By Jenn Larsen
When you think of Washington, DC, more often than not, images of grandeur will predominate. In a city of public architecture built to define and heighten a nation’s status, you have to actively seek out the unexpected, sometimes hidden, often magical parts of its more personal, local history.
One of these discoveries is Blagden Alley, one of the District’s last Victorian-era alleys still in existence, and a micro-neighborhood at the center of an urban revitalization movement driven by restaurateurs and designers looking to connect with that history.
All over the city, the restaurant industry is burgeoning, emerging as a key driver in both the economic and cultural renaissance of DC. The rise of excellence and innovation in local food and drink culture, along with the creation of more intimate restaurant spaces, provides neighborhoods with the sense of community longed for after decades of conflict and neglect.
DC’s historic districts come with challenges for designers, but the rewards are worthy – the ability to anchor a restaurant with a sense of permanence and truly connect with residents. We all want to be part of the continuation of a story, in a more personal chapter of a city’s history, and there’s no better way than through its food and drink culture, which provide natural social gathering spaces.
Alleys by their nature have an almost magical and unexpected separation from the more public-facing buildings of a city, and it’s this aspect that drew in Brian Miller, the director of design strategy and interior architecture at Streetsense.
Streetsense is an experience-focused design and strategy collective responsible for the architectural and interior design of a plethora of notable Washington, DC bars and restaurants. Miller has helmed several key restaurant projects in Blagden Alley, and Streetsense now has an office located in the alley that anchors them to the neighborhood. With their key recent openings partnering with restaurateurs like Jeremiah Langhorne of The Dabney and Derek Brown of Columbia Room, Miller and Streetsense are strongly influencing the revitalization that occurs when food and drink come together with history to create community.
“People who live in cities love discovering things,” Miller notes, “You’d never see it [Blagden Alley] if you didn’t know it was there. So it belongs to the community more than something that’s a Main Street presence.”
The alley is part of the Blagden Alley/Naylor Court Historic District, so designated in 1990 to encompass the area bounded by 9th and 10th, M and O Streets NW. Its architecture is predominantly mid-to-late 1800s row houses fronting the street, with former horse stables (converted to car garages in the 20th century) backing to the alley. Its historic district status requires all development to go through a review process with the DC Historic Preservation Review Board, ensuring the alley will maintain its distinct character.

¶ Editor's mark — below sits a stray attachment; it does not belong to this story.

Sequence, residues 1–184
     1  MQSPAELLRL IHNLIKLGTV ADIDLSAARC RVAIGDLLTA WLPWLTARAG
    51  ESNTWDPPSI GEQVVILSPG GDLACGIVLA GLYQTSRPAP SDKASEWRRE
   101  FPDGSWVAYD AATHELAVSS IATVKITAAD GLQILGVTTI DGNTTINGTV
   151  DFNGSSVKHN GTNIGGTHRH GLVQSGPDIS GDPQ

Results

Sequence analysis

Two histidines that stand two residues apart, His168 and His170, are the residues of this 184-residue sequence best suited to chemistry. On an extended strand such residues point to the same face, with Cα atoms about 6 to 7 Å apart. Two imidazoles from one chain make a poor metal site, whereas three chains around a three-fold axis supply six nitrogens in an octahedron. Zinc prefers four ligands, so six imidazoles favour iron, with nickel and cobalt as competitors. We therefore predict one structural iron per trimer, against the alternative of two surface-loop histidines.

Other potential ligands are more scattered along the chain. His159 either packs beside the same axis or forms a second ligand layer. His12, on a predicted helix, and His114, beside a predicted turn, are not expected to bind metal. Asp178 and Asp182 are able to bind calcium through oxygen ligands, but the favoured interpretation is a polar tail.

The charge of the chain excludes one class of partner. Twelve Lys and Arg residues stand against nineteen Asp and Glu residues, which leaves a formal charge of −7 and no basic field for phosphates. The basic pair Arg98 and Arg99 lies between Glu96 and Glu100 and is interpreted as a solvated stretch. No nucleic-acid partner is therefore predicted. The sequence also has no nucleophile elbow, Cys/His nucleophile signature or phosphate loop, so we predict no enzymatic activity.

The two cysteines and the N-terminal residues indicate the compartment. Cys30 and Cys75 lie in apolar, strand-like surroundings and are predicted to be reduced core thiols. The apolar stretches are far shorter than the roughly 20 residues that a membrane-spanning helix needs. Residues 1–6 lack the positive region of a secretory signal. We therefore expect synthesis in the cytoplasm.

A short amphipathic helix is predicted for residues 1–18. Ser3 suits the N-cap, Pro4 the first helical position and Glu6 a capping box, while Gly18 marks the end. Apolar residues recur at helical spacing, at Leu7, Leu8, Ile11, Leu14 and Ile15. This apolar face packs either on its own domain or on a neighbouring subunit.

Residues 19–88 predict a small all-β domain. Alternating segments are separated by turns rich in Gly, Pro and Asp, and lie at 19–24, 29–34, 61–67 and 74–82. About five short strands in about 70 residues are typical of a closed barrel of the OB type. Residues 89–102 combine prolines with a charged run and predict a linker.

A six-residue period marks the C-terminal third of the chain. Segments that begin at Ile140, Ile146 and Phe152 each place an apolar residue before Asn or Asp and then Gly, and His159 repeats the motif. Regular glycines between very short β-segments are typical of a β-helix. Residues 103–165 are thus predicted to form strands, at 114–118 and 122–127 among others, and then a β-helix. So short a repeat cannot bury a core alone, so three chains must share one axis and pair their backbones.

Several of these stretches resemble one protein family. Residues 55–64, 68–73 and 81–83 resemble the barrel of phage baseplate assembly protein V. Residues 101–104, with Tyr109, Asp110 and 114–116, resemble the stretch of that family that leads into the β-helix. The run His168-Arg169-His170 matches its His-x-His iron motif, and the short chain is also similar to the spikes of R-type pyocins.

Working within the guidelines of the review board can be very challenging, given the infrastructure requirements of a modern restaurant – HVAC,
electricity, sprinklers, ductwork, exhaust and fire suppression systems for cooking hoods, all needing to be considered within the confines of an old traditional building, without making them the dominant feature. This makes it difficult and expensive to retrofit, but as Miller points out, “You can’t buy the general character of an old space.”
Take The Dabney, chef Jeremiah Langhorne’s homage to traditional cooking methods of the Mid-Atlantic and Chesapeake Bay regional cuisine. Born in DC and raised in Charlottesville, VA, Langhorne was greatly influenced by visits to Jefferson’s Monticello. His keyword to Streetsense on what he wanted the space to convey was: “Gracious.” The design perfectly emulates that directive, feeling like a warmly inviting and comfortable home. It also maintains the architectural integrity of Blagden Alley, its unique rhythm, from the patron’s first impression at the entrance.
Its double doors are meant to invoke a garage or stable door opening, as per the guidelines of the DC Historic Preservation Review Board, and the herringbone brick floor through the entryway and into the bar is typical of Mid-Atlantic Colonial homes. “Brick floors aren’t seen much in bars these days,” Miller says, “but we wanted to take old residential cues and bring them into the space.”
Pine Hall Brick Company in North Carolina, producing since 1922, makes the bricks and the wide mortar joints are also typical of the time, a nod again to Langhorne’s inspiration being rooted in 18th- and 19th-century cooking traditions. The bar top itself is oak butcher block, fronted by Victorian-era pressed metal roof shingles, illustrating another key element of Miller’s design aesthetic.